Prices of certain goods that were in high demand during the pandemic, such as used cars and trucks, continued to ease amid a broader shift in consumer spending from goods back toward services. (ddp)

Prices of certain goods that were in high demand during the pandemic, such as used cars and trucks, continued to ease amid a broader shift in consumer spending from goods back toward services.

But beneath the headline readings, the data suggest that inflation is moderating less swiftly than had been hoped by economists. Together with the unexpectedly strong January jobs report, the latest inflation print adds to the risk that the Federal Reserve may have to do more to ease price pressures.

Certain measures of inflation are moving in the wrong direction. On a month-over-month basis, the January consumer price index (CPI) accelerated to 0.5% from 0.1% in December, due largely to a 0.7% rise in the cost of shelter. Meanwhile, core CPI, excluding food and energy, held steady at 0.4%. The data included evidence that inflation was also broad based. The Cleveland Fed’s trimmed mean, a gauge that strips out the biggest price moves, rose 0.6% on the month—the fastest pace since September. Finally, inflation has been trending higher in recent months, with the three-month annualized rate rising to 4.6% in January from 4.3% in December. The six-month annualized rate also ticked higher to 5.3% from 5.1%.

The strength of the labor market is adding to concerns that wage growth will remain too high. The US economy created 517,000 net new jobs in January, more than twice the consensus forecast of 188,000, while the jobless rate fell to a 53-year low of 3.4%. Demand for labor continues to exceed supply, with the JOLTS data for December showing 1.9 openings for every unemployed person.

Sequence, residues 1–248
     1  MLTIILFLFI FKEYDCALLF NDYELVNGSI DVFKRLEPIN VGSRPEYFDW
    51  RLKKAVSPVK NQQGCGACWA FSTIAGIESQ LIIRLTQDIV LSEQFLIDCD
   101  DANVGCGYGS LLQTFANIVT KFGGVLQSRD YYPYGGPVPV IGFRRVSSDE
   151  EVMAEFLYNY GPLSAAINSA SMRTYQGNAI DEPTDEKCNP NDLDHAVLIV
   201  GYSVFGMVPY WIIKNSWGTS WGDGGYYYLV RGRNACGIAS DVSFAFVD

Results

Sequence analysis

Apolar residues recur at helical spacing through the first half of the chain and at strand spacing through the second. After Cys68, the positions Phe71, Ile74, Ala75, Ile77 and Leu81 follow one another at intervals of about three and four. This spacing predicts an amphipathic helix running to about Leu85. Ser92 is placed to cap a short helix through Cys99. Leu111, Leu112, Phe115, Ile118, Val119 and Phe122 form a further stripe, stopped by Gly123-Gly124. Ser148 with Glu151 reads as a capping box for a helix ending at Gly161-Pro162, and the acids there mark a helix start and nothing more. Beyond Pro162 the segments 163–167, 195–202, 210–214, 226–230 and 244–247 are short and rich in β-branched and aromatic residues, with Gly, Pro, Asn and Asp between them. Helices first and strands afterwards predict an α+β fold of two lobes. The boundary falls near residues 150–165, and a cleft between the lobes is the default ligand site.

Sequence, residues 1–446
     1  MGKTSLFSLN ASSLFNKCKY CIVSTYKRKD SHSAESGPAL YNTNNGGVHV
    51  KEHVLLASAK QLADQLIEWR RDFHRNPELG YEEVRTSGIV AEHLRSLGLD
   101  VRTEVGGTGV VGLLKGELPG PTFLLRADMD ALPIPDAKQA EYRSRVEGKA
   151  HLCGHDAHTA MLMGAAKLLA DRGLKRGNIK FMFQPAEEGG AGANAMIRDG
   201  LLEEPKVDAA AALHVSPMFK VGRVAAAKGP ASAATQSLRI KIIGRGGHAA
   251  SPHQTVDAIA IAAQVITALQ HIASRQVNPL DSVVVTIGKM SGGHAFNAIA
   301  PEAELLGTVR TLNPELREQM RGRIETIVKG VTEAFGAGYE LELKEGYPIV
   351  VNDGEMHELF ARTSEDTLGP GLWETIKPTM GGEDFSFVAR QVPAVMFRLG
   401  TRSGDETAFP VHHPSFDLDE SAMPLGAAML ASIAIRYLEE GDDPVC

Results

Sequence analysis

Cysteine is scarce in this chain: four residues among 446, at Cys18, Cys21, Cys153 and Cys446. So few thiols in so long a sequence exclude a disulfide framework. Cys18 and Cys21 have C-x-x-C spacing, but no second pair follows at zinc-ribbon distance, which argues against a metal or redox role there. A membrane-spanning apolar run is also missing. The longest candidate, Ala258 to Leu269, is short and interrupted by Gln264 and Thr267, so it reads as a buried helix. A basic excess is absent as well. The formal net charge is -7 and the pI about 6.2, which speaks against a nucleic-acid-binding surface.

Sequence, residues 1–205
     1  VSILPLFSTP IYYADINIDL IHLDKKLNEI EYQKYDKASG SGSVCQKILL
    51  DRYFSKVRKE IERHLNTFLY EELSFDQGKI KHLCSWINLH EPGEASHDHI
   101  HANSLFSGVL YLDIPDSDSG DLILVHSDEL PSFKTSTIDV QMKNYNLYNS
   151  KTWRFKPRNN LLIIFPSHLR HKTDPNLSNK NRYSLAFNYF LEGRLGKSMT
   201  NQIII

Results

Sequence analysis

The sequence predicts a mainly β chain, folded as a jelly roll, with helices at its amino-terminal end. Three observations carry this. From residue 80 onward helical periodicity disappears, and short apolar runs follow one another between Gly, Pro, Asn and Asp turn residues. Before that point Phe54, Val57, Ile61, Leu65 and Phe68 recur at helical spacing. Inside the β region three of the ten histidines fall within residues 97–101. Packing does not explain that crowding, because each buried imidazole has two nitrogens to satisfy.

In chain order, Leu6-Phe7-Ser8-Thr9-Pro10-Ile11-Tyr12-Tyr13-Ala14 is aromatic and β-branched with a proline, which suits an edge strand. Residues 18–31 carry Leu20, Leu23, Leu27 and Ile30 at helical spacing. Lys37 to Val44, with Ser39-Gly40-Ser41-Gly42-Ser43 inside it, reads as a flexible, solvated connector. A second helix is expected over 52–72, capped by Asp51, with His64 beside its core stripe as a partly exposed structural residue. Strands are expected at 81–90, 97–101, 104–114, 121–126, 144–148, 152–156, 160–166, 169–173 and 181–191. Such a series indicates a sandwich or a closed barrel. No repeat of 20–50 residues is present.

While there are some signs of slowing wage growth, the pace is still too fast to be consistent with a return to the Fed's inflation target. Although average hourly earnings growth for January weakened to 4.4% year-over-year from 4.8% the month prior, this was still above expectations of a 4.3%rise. In addition, the three-month moving average of median wage growth was 6.1% in January, based on data from the Atlanta Fed, well above the range of 3% and 4% between 2015 and late 2021.

Top Fed officials have stressed that more needs to be done to curb inflation. New York Fed President John Williams said on Tuesday "with the strength in the labor market, clearly there are risks that inflation stays higher for longer than expected, or that we might need to raise rates higher." Dallas Fed President Lorie Logan said the central bank “must remain prepared to continue rate increases for a longer period than previously anticipated,” while Richmond Fed President Thomas Barkin added that there’s “a lot more persistence to inflation than maybe we’d all want.”

We do expect an inflection point in inflation, monetary policy, and market sentiment in 2023. However, the latest data suggest it is too early to expect a dovish pivot from the Fed. With the next FOMC meeting taking place on 21-22 March, it’s unlikely it will have sufficient reasons by then to stop hiking rates. On the contrary, Fed officials may even lift their growth forecasts and the projected rate path trajectory for 2023.

Against that backdrop, we like strategies that provide exposure to equity market upside while adding downside protection. We incorporate a combination of defensive (consumer staples and healthcare), value, and income opportunities that should outperform in a high-inflation, slowing-growth environment, alongside select cyclicals that should perform well as and when markets start to anticipate the inflections.

Main contributors - Mark Haefele, Patricia Lui, Vincent Heaney, Christopher Swann, Jon Gordon, Alison Parums

Content is a product of the Chief Investment Office (CIO).

Original report - Fed may have more work to do to tame inflation, 15 February 2023.